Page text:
Ectopic Expression of MEK1 in Colorectal Cancer Cells
LIM1215 RAS WT cetuximab-sensitive cells were cultured in RPMI medium (Invitrogen) supplemented with 10% FBS, 1 μg/mL insulin, 2 mmol/L l-glutamine, and antibiotics (100 U/mL penicillin and 100 mg/mL streptomycin) and grown in a 37°C and 5% CO2 air incubator. LIM1215 cells were transduced with lentiviral vector encoding MEK1 WT, MEK1K57N, or MEK1K57T cDNA. MEK overexpression was verified by Western blot analysis.
Drug Proliferation Assay
Colorectal cancer cell lines were seeded at different densities (2–3 × 103 cells/well) in 100 μL complete growth medium in 96-well plastic culture plates at day 0. The following day, serial dilutions of the indicated drugs were added to the cells in serum-free medium, and medium-only (in case of cetuximab and panitumumab) or DMSO-only (in case of trametinib) treated cells were included as controls. Plates were incubated at 37°C in 5% CO2 for 4 or 5 days, after which cell viability was assessed by measuring ATP content through the CellTiter-Glo Luminescent Cell Viability assay (Promega). Luminescence was measured by Perkin Elmer Victor X4.
Western Blotting Analysis
Prior to biochemical analysis, all cells were grown in their specific media supplemented with 10% FBS with or without indicated drug treatment. Total cellular proteins were extracted by solubilizing the cells in EB buffer (50 mmol/L Hepes pH 7.4, 150 mmol/L NaCl, 1% Triton X-100, 10% glycerol, 5 mmol/L EDTA, 2 mmol/L EGTA; all reagents were from Sigma-Aldrich, except for Triton X-100 from Fluka) in the presence of 1 mmol/L sodium orthovanadate, 100 mmol/L sodium fluoride, and a mixture of protease inhibitors. Extracts were clarified by centrifugation and normalized with the BCA Protein Assay Reagent Kit (Thermo Scientific). Western blot detection was performed with enhanced chemiluminescence system (GE Healthcare) and peroxidase-conjugated secondary antibodies (Amersham). The following primary antibodies were used for Western blotting (all from Cell Signaling Technology, except where indicated): anti–phospho-p44/42 ERK (Thr202/Tyr204; 1:1,000); anti-p44/42 ERK (1:1,000); anti–phospho-MEK1/2 (Ser217/221; 1:1,000), anti-MEK1/2 (1:1,000); anti-phospho AKT (T308; 1:1,000); anti-AKT (1:1,000); anti-vinculin (Millipore; 1:1,000).
Disclosure of Potential Conflicts of Interest
T.S. Hong reports receiving a commercial research grant from Novartis. A. Sartore-Bianchi has received speakers bureau honoraria from Bayer and Amgen and is a consultant/advisory board member for Eli Lilly. A.J. Iafrate has ownership interest (including patents) in ArcherDx and is a consultant/advisory board member for ArcherDx, Chugai, DebioPharm, and Roche. A. Bardelli has ownership interest (including patents) in Horizon Discovery and is a consultant/advisory board member for Horizon Discovery and Trovagene. R.B. Corcoran is a consultant/advisory board member for Genentech, Merrimack Pharmaceuticals, and Avidity Nanomedicines. No potential conflicts of interest were disclosed by the other authors.
Conception and design: M. Russo, G. Siravegna, T.S. Hong, A. Bardelli, R.B. Corcoran
Development of methodology: G. Siravegna, L.G. Ahronian, H.E. Robinson, A.J. Iafrate, A. Bardelli, R.B. Corcoran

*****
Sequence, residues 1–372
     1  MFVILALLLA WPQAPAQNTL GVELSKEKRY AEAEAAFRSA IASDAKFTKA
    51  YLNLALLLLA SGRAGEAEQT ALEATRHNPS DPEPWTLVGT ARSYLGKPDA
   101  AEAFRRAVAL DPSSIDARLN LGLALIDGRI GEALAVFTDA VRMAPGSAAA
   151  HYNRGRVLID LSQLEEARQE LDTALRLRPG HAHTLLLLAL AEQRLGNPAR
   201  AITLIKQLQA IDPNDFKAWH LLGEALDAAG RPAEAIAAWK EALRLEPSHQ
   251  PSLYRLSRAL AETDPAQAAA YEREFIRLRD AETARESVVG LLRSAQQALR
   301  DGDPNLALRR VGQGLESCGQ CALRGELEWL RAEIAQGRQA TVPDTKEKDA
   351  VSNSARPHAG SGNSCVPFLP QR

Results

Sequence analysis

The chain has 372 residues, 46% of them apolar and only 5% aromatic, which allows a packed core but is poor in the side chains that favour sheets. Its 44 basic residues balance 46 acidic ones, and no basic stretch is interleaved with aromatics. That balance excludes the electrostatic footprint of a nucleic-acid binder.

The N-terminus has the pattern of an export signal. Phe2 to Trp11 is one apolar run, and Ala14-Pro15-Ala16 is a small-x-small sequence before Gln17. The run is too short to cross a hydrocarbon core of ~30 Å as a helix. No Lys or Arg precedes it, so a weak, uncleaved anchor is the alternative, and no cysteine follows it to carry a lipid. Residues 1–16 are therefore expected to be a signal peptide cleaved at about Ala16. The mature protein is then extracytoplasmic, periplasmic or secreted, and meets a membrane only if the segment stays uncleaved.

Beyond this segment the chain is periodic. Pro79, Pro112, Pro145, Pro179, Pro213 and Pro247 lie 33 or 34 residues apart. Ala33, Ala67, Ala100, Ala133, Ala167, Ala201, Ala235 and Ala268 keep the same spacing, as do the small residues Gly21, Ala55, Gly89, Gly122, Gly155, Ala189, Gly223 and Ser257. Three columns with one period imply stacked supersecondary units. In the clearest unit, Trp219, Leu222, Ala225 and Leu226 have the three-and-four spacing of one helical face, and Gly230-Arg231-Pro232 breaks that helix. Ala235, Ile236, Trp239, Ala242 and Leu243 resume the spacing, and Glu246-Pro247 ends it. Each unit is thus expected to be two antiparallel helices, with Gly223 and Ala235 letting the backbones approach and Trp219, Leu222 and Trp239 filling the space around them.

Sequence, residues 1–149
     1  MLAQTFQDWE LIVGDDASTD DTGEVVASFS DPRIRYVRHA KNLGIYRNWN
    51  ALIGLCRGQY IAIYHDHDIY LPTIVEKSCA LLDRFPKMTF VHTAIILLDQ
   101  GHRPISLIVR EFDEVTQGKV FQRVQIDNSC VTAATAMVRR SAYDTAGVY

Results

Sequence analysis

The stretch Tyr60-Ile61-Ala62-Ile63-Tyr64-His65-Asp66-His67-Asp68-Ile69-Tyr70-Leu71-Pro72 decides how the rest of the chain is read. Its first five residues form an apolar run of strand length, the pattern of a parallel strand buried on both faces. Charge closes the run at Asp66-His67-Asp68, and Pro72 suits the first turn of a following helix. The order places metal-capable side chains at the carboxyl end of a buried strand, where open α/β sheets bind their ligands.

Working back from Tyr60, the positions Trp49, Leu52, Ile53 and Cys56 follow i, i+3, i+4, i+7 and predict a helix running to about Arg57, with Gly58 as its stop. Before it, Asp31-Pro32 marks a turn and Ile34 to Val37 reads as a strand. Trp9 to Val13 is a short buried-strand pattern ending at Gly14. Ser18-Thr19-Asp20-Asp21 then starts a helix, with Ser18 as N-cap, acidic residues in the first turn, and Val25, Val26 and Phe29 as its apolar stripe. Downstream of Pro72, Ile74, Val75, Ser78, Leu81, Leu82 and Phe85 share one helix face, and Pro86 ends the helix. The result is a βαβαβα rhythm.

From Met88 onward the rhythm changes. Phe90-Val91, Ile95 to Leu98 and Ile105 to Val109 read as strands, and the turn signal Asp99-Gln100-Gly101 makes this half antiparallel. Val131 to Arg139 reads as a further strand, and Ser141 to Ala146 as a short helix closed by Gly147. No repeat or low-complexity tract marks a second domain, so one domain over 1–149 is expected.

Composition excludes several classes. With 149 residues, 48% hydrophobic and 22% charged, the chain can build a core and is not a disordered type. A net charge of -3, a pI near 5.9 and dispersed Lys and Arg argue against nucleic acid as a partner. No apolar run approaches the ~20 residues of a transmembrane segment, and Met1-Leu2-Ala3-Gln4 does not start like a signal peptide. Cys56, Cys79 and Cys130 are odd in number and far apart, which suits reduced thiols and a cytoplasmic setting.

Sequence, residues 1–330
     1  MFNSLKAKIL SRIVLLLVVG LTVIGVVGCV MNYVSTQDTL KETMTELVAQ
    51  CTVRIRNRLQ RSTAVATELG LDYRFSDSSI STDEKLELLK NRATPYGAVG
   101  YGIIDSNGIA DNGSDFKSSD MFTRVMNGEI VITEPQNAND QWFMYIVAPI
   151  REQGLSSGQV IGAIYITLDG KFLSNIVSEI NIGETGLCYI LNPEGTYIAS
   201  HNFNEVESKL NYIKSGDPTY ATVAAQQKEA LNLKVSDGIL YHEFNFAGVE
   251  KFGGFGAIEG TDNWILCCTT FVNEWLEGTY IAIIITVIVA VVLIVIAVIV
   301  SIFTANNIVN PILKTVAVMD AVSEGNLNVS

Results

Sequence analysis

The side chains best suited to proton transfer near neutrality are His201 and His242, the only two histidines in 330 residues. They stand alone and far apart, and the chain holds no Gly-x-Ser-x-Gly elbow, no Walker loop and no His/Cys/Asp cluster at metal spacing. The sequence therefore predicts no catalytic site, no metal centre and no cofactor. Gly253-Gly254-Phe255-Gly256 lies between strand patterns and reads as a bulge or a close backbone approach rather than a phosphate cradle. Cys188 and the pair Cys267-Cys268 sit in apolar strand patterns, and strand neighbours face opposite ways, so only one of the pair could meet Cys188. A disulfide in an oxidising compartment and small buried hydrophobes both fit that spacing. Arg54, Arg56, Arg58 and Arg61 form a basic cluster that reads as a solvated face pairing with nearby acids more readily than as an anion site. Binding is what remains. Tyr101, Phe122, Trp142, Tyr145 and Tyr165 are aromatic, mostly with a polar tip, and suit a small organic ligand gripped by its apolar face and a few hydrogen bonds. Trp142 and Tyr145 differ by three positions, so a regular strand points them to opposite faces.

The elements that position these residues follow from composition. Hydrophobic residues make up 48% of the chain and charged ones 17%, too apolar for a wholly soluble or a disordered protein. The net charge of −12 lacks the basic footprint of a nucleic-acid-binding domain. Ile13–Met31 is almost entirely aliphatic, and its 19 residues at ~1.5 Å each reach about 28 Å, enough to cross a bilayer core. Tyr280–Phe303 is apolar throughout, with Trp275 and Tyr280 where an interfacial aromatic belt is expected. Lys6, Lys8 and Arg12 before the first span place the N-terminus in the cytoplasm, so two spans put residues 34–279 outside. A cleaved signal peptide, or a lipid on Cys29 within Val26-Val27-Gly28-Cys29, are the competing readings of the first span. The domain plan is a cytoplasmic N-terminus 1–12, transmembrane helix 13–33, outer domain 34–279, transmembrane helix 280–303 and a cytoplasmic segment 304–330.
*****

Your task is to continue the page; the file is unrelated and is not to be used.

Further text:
Acquisition of data (provided animals, acquired and managed patients, provided facilities, etc.): M. Russo, G. Siravegna, L.S. Blaszkowsky, L.G. Ahronian, B. Mussolin, E.L. Kwak, M. Buscarino, L. Lazzari, E. Valtorta, N.A. Jessop, H.E. Robinson, M. Mino-Kenudson, A. Thabet, A. Sartore-Bianchi, S. Siena, A.J. Iafrate, A. Bardelli, R.B. Corcoran
Analysis and interpretation of data (e.g., statistical analysis, biostatistics, computational analysis): M. Russo, G. Siravegna, G. Corti, G. Crisafulli, B. Mussolin, E. Valtorta, M. Truini, T.S. Hong, F. Di Nicolantonio, A. Thabet, A.J. Iafrate, R.B. Corcoran
Writing, review, and/or revision of the manuscript: M. Russo, G. Siravegna, L.S. Blaszkowsky, G. Crisafulli, E.L. Kwak, M. Buscarino, E. Valtorta, M. Truini, T.S. Hong, M. Mino-Kenudson, F. Di Nicolantonio, S. Siena, A.J. Iafrate, A. Bardelli, R.B. Corcoran
Administrative, technical, or material support (i.e., reporting or organizing data, constructing databases): M. Truini, N.A. Jessop, R.B. Corcoran
Study supervision: A. Bardelli, R.B. Corcoran
This study was supported by grants from the NIH/NCI Gastrointestinal Cancer SPORE P50 CA127003, a Damon Runyon Clinical Investigator Award, and NIH/NCI 1K08CA166510 (all to R.B. Corcoran); by the European Community's Seventh Framework Programme under grant agreement no. 602901 MErCuRIC (A. Bardelli); IMI contract no. 115749 CANCER-ID (A. Bardelli); AIRC 2010 Special Program Molecular Clinical Oncology 5 per mille, Project no. 9970 (A. Bardelli, S. Siena); AIRC IG no. 12812 (A. Bardelli); Fondazione Piemontese per la Ricerca sul Cancro-ONLUS 5 per mille 2010 e 2011 Ministero della Salute (A. Bardelli); and Ministero dell'Istruzione, dell'Università e della Ricerca, progetto PRIN 2010–2011 (A. Bardelli).
Note: Supplementary data for this article are available at Cancer Discovery Online (http://cancerdiscovery.aacrjournals.org/).
- Received October 26, 2015.
- Revision received December 2, 2015.
- Accepted December 3, 2015.
- ©2015 American Association for Cancer Research.